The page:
Strange Brouhaha

Thursday, June 30, 2005

Batman Begins

(Warning: Minor spoilers ahead, although they're mostly backstory spoilers, so this warning is primarily intended for people who aren't familiar with Batman. The one big spoiler has a warning attached.)

Holy crap.

No, I mean it: holy crap. Seriously.

There have been a lot of different takes on the Bat over the years. Every new writer, every new artist, brings something new to Batman in the comics. Every actor who plays him brings something, even Adam West. Even Val Kilmer. Every director brings something, although I wish that Joel Schumacher would have left his something at home.

What Christopher Nolan and David Goyer and Christian Bale have created is nothing short of...well, it's almost perfect in every way. Here's the take-home, no matter what else I say: I really loved this movie, and it's really, really good.

The acting was, I thought, really good. Gary Oldman, in essentially a throw-away role as Officer/Sgt./Lt. Jim Gordon, was FANTASTIC. I don't have the superlatives to describe it, really. He just kind of takes That Gary Oldman Thing and turns it on its head and is just...look, he's good. Michael Caine was a great choice to play Alfred, and he and Christian Bale really nail the relationship between Alfred and Bruce. Liam Neeson's Dark Side Qui-Gon Jinn was great. Morgan Freeman took his nothing role and fashioned it into a something role. Christian Bale was fine, but his best scenes came when he played against one of those guys, almost as if he was only as good as the actors around him: when he played against Katie Holmes, let's just say that the superlatives weren't flying.

The writing was good, too. They very nearly perfectly nailed the character of Batman, and while there were some problems with glaringly obvious plot devices in the script, the fact that I can't remember any specifically right now must count for something.

Visually, it was incredible. (I need to head to the thesaurus or something; this is like pointing, drooling and saying "Gooooooood!" in my best Patrick Star impression.) This is a very scary movie, especially when the Scarecrow's fear gas is in effect. Batman himself is absolutely terrifying in places, like when we see him from the point of view of a criminal and the camera is shaking and Batman is yelling...good stuff. And Gotham City is stunning as well, far better than Tim Burton's Gotham, which itself was excellent. This one is much more fully realized: you get the sense that it's a city, rather than a collection of big, dark canyons.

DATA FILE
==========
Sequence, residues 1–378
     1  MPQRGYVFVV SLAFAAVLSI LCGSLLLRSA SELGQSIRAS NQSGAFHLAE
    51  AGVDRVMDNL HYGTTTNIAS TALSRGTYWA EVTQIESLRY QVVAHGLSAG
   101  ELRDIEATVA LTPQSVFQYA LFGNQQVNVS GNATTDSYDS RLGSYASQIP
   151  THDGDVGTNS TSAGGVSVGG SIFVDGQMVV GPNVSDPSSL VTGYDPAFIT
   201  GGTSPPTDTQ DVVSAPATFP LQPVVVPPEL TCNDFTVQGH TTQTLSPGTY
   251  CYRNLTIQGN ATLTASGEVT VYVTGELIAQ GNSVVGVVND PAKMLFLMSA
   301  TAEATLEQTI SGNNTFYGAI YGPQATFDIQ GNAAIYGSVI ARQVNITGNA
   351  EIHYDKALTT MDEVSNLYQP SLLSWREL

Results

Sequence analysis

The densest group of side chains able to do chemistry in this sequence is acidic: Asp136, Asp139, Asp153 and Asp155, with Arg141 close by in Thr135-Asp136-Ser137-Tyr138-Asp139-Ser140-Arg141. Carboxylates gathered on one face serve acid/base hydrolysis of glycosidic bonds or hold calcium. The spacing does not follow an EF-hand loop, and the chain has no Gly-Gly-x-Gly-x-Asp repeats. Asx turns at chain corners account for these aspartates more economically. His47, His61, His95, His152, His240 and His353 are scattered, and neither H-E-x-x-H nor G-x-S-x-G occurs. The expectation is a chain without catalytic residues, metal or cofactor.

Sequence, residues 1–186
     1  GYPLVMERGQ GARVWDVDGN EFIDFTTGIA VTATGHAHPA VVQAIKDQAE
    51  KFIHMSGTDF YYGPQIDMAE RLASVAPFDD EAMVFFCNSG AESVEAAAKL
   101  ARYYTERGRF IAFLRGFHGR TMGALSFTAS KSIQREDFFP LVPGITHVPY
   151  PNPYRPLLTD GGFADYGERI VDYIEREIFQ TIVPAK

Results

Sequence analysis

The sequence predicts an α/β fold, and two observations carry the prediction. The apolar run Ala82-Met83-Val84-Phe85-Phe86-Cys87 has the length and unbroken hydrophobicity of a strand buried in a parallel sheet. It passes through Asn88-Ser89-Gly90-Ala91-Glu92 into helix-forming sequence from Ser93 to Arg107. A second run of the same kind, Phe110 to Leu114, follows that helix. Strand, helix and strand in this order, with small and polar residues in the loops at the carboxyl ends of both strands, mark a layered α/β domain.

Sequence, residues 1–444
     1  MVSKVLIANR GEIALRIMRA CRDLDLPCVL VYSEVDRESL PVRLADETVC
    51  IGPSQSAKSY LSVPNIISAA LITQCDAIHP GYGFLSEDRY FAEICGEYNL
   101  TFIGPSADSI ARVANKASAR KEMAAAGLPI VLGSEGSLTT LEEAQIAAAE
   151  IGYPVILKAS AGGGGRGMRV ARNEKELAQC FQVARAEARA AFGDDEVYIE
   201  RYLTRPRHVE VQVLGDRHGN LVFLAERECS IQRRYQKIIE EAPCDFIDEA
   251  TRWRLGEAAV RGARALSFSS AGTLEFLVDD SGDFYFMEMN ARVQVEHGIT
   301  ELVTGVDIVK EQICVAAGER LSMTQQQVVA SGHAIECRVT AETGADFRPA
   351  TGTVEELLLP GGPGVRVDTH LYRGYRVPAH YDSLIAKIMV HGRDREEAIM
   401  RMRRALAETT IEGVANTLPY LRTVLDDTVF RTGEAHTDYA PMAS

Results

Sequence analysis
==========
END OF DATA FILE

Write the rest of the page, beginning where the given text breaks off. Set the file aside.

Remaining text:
Even the sound is superb. I don't usually comment on the sound in movies; the last time I said to myself "Holy cow, the sound is great!" was when we saw "Titanic." The scene where Bruce's parents get killed is absolutely gut-wrenching, in large part due to the gunshot FX.

I have two complaints about the movie.

The first one is that it should have been better. Remember how I said the acting was good? It was, and the actors all turned in credible performances. But when you have this much acting power in your movie, it just seems to me that you should get to do more with it. I'm not sure what the solution would be, or if there is one, but it felt like the varsity turning in a JV performance, the functional equivalent of somehow getting Robert DeNiro to be in your student film and having him sit and do nothing. I just felt that there should have been more. It's a strange mixture of disappointment and elation. In a sense, that means it's a success for Nolan and his crew, because they left me wanting more.

My second complaint is a spoiler. I will make the text white; if you want to read it, just highlight the next paragraph.

There is one aspect of Batman's character that Hollywood pretty consistently gets wrong, and it's a pretty major one: Batman Does Not Kill. Furthermore, if he can help it, he doesn't allow people to die through his own inaction. Not even his enemies. It was a complete and total disappointment when he said to Ra's Al Ghul, "I'm not going to kill you. But I don't have to save you," and then let him die in the train. This is the big reason why I keep saying that the movie is "nearly" perfect.

Now for the big question: would I recommend that you go see this movie?

If you like Batman, yes. Absolutely. I recommend this without hesitation. If you are a fan, you should pretty much love this movie. But be forewarned that it's very, very intense. If you're a fan of Adam West's Batman, but not Frank Miller's Dark Knight, then you're in for a rough two hours. This movie is very much in the mold of the much-mocked "grim-n-gritty" early '90s general trend in comics; I don't mind loud, banging action movies, but this had even me flinching in places. It's very, very heavy, very intense. If you're particularly sensitive, skip it.


  • (Josh) Penny loved it, I thought it was very good. This is probably dumb, but I just wish that actors playing Batman would drop the husky "I'm Batman" voice. By the end of this movie, I almost couldn't take it.

    Also, Katie's comment about it not being the same Bruce Wayne who'd come back - what?! She'd spoken something like three sentences to him. What are you talking about?

    Still, highly enjoyable. Blew SWIII away.

    This weekend: War Of The Worlds (although I'll probably buy a ticket to something else to keep my dough out of L Ron's hands)

    By Anonymous Anonymous, at 12:23 PM  

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